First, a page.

The Mongol invasions are an early example of gunpowder warfare outside of China. One of the most notable technological innovations during the war was the use of explosive bombs.
The bombs are known in Chinese as "thunder crash bombs”.
An illustration of a bomb is depicted in the Japanese Mongol Invasion Scrolls, but it has been shown that the illustration of the projectiles was added to the scrolls in the eighteenth century and should not be considered to be an eyewitness representation of their use.
However, archaeological discoveries recently have confirmed the existence of bombs in the Yuan invasion’s arsenal. Multiple bomb shells were discovered in an underwater shipwreck off the shore of Japan. X-rays by Japanese scientists of the excavated shells show that they contained gunpowder and were also packed with scrap iron.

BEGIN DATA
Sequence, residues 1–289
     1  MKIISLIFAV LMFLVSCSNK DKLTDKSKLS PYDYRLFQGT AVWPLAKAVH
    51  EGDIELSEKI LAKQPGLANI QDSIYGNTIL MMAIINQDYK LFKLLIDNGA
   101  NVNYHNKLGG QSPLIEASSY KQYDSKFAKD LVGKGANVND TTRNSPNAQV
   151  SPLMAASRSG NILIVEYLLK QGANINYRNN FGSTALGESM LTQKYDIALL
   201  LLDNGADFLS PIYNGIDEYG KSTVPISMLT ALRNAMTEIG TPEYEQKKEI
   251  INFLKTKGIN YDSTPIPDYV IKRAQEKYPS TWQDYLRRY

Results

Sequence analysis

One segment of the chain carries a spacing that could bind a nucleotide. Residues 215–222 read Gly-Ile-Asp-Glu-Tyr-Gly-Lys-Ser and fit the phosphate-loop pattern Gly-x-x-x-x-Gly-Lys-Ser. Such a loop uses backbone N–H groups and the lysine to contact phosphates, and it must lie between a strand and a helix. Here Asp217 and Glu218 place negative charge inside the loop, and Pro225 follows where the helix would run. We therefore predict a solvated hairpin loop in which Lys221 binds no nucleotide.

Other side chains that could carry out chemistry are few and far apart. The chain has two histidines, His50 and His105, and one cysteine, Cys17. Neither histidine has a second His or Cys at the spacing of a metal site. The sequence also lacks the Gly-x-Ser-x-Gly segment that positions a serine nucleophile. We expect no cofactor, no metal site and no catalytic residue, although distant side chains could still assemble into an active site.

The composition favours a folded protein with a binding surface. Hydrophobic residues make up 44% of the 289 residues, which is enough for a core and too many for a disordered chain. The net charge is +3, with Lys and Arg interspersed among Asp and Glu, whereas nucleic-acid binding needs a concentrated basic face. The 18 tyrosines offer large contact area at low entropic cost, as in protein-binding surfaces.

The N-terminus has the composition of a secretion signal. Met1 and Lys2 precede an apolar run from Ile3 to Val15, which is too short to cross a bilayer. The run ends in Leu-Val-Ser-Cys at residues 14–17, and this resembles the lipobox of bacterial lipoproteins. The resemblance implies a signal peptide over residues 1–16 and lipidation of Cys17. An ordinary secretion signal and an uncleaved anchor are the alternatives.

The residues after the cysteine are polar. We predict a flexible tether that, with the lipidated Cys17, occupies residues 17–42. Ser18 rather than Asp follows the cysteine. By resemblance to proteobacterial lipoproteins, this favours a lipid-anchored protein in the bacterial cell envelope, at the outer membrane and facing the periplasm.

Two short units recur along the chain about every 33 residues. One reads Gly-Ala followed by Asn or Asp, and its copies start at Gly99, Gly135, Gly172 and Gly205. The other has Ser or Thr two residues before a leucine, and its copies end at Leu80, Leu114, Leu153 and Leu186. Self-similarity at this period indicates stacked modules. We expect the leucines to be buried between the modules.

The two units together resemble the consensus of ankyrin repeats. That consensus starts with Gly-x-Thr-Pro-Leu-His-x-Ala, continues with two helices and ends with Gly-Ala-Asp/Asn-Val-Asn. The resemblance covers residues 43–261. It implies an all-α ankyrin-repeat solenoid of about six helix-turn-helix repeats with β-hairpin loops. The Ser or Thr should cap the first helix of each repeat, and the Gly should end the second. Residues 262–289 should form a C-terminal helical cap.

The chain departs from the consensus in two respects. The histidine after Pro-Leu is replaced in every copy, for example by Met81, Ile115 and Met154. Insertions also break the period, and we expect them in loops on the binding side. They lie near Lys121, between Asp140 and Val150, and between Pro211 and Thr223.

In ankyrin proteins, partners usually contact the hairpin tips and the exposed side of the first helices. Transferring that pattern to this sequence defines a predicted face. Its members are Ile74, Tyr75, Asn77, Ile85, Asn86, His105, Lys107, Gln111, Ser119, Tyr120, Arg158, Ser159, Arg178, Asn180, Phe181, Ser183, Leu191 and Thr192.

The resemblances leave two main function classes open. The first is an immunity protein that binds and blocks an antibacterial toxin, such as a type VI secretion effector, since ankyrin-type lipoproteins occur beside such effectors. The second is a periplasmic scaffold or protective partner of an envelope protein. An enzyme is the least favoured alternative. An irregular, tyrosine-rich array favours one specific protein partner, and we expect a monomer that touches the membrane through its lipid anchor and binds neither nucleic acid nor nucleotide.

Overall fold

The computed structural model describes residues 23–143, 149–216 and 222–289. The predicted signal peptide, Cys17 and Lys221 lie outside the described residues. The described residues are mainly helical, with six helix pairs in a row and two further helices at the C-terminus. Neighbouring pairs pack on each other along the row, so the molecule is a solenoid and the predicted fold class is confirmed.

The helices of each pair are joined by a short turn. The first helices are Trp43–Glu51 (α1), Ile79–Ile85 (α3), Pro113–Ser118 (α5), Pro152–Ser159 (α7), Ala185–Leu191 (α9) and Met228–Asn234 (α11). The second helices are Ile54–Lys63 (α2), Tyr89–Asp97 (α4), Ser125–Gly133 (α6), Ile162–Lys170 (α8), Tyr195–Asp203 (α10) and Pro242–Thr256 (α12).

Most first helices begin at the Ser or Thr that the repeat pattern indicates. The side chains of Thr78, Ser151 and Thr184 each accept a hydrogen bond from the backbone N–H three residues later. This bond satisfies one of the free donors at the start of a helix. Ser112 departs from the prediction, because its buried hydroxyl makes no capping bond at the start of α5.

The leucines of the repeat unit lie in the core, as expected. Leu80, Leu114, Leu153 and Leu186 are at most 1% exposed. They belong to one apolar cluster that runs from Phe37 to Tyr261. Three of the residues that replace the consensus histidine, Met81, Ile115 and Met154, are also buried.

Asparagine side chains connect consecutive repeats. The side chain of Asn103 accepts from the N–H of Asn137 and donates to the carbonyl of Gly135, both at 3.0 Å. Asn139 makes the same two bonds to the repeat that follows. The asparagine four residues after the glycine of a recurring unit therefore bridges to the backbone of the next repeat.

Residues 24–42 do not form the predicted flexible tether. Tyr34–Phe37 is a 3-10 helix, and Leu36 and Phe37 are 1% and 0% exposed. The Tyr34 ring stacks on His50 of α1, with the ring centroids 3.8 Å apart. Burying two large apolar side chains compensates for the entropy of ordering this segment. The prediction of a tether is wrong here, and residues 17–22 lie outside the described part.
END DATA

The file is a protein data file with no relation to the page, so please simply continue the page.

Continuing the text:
These trebuchets had a shooting range of around 100 metres, and could use projectiles of around 50kg. During Mongol campaigns against the Jin dynasty, the Mongols used over 5,000 trebuchets, which were very successful in destroying the Jin fortresses.